Former Queen’s Student Who Assaulted Teen Girl Invited To Lecture at University

Chance Macdonald’s victim said it’s “ridiculous” that he keeps getting more opportunities.
Chance Macdonald Queen's University
Chance Macdonald was invited to lecture at Queen's after being convicted of assault. Photos via Facebook/Twitter

The teen who was assaulted by a Queen’s University student three years ago, when she was 16 years old, said it’s “ridiculous” that the school would invite her assailant to guest lecture during a business class.

Chance Macdonald, 23, who formerly attended school and played junior hockey, was convicted of assault in April 2017. However, he was not sentenced until September of that year because the judge presiding over the case, who also attended Queen’s and played hockey, did not want Macdonald’s sentence to interfere with his internship at Deloitte.


Macdonald, who was initially charged with sexual assault and forcible confinement, pleaded down to common assault. He was sentenced to 88 days of intermittent jail on weekends and two years of probation. After Macdonald's sentencing made headlines last fall, Deloitte announced that he was no longer working for them, and his LinkedIn profile disappeared. Despite the university releasing a statement expressing dismay that Macdonald was a Queen’s student around the time he was sentenced, a faculty member at Queen’s invited Macdonald to speak to a business class in May.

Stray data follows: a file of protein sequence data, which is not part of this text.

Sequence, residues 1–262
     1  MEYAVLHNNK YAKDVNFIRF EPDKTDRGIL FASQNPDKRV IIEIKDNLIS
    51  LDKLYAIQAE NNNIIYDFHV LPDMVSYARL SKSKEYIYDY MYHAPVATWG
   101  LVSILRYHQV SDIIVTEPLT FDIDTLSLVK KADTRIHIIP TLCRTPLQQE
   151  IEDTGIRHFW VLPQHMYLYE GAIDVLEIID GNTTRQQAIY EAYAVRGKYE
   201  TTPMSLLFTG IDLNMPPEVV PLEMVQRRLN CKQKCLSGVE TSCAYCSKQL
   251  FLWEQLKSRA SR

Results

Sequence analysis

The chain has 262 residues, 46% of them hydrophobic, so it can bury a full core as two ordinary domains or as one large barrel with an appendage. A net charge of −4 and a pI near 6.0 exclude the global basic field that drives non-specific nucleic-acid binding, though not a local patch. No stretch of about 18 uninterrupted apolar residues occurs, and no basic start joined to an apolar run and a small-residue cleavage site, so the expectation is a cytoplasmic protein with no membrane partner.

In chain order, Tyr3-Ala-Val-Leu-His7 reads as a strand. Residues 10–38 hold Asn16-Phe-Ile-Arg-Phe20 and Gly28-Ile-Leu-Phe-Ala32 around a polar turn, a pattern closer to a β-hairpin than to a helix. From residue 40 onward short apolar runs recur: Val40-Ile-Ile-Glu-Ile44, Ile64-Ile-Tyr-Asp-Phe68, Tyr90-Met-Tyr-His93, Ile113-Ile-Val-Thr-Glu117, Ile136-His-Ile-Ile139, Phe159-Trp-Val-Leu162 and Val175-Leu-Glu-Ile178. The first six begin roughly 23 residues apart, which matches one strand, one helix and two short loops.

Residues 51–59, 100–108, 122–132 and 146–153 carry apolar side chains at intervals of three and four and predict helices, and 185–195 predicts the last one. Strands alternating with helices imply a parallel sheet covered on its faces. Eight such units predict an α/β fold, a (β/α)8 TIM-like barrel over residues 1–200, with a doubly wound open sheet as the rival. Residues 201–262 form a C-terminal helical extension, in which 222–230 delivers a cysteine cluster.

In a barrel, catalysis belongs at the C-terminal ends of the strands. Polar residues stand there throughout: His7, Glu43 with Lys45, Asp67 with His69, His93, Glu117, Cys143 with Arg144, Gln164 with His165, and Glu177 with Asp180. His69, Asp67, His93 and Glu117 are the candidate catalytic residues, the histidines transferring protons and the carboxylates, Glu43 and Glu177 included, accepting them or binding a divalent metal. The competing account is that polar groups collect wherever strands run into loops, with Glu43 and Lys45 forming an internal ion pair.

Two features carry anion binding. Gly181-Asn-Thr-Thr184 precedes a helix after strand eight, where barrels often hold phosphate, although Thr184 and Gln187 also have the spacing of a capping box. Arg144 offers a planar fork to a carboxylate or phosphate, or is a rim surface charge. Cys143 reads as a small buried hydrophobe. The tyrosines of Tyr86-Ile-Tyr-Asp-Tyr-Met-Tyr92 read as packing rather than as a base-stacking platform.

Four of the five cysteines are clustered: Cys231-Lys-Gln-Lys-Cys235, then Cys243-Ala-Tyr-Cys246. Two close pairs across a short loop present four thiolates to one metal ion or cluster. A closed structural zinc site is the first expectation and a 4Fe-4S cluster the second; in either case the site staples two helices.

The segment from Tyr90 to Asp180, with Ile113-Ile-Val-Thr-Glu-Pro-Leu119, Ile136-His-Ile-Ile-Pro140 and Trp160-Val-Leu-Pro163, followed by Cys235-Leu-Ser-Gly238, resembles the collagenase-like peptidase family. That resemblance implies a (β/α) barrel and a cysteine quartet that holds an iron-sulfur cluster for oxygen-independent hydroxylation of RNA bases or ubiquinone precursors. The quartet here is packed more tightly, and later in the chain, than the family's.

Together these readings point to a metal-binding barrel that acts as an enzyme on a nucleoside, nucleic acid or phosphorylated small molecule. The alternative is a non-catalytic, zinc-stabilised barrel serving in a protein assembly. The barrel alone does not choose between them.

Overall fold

As first reported by the Kingstonist, Macdonald, who now uses the first name Andrew, was invited to a business class as a guest lecturer on cryptocurrency.

In a statement, Queen’s said Macdonald’s participation in the class was “unfortunate.”

“The University shares and sympathizes with the emotions that people were expressing about the original incident. Similarly, the University shares the concerns about the May 2018 speaking event,” the statement said. It noted that individual faculty members have the freedom to invite guest speakers “where they feel those guests will add to the class.”